05/07/2013 07:56 am ET Updated Dec 06, 2017

Mother's Day


"But there's a story behind everything. How a picture got on a wall. How a scar got on your face. Sometimes the stories are simple, and sometimes they are hard and heartbreaking. But behind all your stories is always your mother's story, because hers is where yours began." -- Mitch Albom, For One More Day

As an Olympic swimmer, I learned young the value of mentors and coaches. Of all the individuals who have offered me their invaluable insight and guidance, my first mentor was my mother. She was not only my first coach but also my earliest advocate and supporter. With Mother's Day fast approaching, what better time than now to pay tribute to her -- and mothers everywhere -- for their indelible guidance that allows us all to shine.

Sitting at the helm of a very large family ship with seven children in a small northern Wisconsin town, there was never a time when Mom didn't have a lunchbox to pack, a torn pant leg to mend or laundry to hang on the clothesline. Yet my mother's story didn't begin with my siblings and me, of course, and she drew much from her days before us kids to inspire us.

Like many of my fellow Boomers, I've long admired my mother's life before us kids. An avid athlete from a young age, my mother participated and excelled in every sport she took up... and did she ever take them up! Mom told us of her youthful adventures hiking, hunting, running and life-guarding (yes, life-guarding).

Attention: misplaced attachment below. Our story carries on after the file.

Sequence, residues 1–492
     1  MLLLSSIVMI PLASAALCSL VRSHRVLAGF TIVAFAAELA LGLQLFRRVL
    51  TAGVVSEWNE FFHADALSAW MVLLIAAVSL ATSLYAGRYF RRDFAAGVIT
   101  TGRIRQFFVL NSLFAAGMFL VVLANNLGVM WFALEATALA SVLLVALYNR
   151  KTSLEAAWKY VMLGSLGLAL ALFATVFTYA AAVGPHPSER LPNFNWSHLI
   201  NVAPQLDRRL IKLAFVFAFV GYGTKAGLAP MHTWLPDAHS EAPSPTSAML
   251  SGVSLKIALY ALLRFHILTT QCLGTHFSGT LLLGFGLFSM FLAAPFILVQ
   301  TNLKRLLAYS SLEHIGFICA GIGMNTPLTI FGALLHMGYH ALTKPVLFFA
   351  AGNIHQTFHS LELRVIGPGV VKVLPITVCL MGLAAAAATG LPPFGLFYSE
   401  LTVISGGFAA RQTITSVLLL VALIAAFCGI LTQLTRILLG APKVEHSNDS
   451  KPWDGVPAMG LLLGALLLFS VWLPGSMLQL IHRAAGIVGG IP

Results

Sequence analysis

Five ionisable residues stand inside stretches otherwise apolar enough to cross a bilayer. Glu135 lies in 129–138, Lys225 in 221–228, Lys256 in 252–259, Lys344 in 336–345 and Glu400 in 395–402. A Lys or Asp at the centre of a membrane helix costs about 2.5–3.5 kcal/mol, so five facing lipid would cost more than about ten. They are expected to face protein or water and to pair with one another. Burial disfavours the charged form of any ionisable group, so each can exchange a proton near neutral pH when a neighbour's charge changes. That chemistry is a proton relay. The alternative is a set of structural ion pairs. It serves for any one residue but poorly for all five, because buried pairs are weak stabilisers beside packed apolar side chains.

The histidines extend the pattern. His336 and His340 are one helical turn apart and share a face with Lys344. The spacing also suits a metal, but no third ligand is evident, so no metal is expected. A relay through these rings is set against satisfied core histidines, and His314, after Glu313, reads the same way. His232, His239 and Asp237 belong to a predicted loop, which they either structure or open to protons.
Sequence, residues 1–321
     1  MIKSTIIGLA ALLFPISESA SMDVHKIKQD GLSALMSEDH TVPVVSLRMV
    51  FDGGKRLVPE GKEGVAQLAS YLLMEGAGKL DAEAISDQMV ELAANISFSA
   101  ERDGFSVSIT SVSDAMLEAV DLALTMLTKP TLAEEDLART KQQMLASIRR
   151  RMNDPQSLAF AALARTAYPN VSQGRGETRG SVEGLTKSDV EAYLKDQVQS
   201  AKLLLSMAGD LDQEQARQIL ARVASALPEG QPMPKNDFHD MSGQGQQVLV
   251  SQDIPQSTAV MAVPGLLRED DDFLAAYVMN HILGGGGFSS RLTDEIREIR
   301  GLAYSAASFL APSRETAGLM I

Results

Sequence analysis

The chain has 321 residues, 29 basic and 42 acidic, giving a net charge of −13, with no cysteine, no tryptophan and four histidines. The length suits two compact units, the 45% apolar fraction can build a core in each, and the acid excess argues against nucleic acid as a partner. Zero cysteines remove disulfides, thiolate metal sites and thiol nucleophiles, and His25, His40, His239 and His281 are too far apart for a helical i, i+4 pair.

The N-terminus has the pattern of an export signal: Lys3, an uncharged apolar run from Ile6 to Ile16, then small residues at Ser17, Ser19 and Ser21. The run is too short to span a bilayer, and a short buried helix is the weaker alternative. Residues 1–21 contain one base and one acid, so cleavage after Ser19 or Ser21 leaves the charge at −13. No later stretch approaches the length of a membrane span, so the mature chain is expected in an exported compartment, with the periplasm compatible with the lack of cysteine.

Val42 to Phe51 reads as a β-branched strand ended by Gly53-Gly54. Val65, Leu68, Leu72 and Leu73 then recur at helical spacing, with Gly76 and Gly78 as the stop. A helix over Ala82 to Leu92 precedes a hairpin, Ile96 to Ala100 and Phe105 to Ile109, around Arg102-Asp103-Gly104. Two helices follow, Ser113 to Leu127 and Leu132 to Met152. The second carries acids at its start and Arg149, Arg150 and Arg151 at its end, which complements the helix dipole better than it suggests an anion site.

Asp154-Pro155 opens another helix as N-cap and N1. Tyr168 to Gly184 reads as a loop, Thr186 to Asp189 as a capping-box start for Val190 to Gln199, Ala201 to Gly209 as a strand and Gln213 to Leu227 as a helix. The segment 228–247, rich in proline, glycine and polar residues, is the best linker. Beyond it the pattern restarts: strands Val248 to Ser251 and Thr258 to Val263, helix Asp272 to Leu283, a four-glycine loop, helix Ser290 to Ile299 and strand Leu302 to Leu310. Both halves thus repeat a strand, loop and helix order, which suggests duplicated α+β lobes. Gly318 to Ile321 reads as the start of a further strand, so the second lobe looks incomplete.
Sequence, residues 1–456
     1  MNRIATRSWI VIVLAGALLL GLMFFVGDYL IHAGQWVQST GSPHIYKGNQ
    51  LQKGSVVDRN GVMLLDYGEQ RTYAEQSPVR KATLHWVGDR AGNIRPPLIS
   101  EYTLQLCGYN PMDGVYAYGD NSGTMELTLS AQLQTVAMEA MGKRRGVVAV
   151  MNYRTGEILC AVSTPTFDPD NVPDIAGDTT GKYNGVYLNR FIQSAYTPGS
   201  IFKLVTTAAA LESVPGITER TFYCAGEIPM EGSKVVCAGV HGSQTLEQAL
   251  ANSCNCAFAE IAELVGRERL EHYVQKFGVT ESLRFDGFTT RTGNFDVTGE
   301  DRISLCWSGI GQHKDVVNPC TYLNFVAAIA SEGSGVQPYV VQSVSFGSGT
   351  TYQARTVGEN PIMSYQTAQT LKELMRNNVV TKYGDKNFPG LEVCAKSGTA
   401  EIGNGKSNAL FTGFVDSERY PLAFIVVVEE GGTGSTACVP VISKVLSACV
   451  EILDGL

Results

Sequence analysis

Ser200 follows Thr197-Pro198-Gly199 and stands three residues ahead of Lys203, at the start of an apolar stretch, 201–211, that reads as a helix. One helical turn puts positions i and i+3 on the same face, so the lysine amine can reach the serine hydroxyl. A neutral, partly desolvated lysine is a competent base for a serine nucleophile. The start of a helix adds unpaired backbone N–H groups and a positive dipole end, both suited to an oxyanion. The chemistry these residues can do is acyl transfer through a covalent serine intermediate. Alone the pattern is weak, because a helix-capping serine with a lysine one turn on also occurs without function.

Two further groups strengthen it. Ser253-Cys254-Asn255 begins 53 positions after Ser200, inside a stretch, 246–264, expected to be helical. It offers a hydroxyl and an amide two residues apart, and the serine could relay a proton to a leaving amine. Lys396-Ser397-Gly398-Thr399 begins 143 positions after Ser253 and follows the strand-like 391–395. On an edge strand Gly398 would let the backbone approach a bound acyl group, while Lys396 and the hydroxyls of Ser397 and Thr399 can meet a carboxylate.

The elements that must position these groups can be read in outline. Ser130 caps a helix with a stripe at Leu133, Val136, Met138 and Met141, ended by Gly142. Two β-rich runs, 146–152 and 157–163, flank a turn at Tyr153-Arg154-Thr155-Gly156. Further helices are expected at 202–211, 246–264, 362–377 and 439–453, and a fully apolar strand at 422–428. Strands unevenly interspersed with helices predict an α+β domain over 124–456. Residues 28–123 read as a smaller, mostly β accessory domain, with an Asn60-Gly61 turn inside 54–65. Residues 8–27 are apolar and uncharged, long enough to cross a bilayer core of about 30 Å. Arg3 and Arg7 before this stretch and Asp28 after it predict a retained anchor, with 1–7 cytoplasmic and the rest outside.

But my favorite stories were of her years spent as a professional softball player during WWII. Catching for the Merrill Cardinals, Mom had the rare opportunity to travel all over the country and earn her own keep. She had a passion for the game which was evident to me despite never having the pleasure to watch her behind home plate. She loved the sport, the camaraderie of the team and the fans.

I drew heavily from those stories in my own Olympic pursuit, learning from her to love sport and believe in myself even when others harbored doubt. I also learned what hard work means. Coached by both of my parents for all of my growing up years, Mom was up at the crack of dawn for our 5:30 am workouts despite having seven kids to worry about. She meticulously worked on my stroke while teaching me the mental aspects of competition, building up my arsenal of confidence and helping to develop my own passion for the water that still exists today.

It was Mom who was adamant that I would swim in college and pursue my well-known Olympic dream. Little did it matter that women athletes were not afforded collegiate scholarships in my childhood or that money didn't grow on trees in my family.

"Practice for the unknown, Wendy," she would say to me. "One day, they will give swimming scholarships to women and you'll get one because you're that good and better."

In retrospect, I should have remembered that her own success as a professional ball player was in no small way thanks to a World War that carried the men overseas. Mom knew from that experience that anything can happen but you better be ready when it does.

And so, Mom, Dad and I kept on trucking despite every reason to call it quits. When kids in Southern California and Florida were the talk of the swim world, already trained by world-renown coaches at the tender age of 10 and 12, I was training in a local hotel pool or the chilly Wisconsin lakes near our small home. We were persistent in our belief that something great was just around the corner.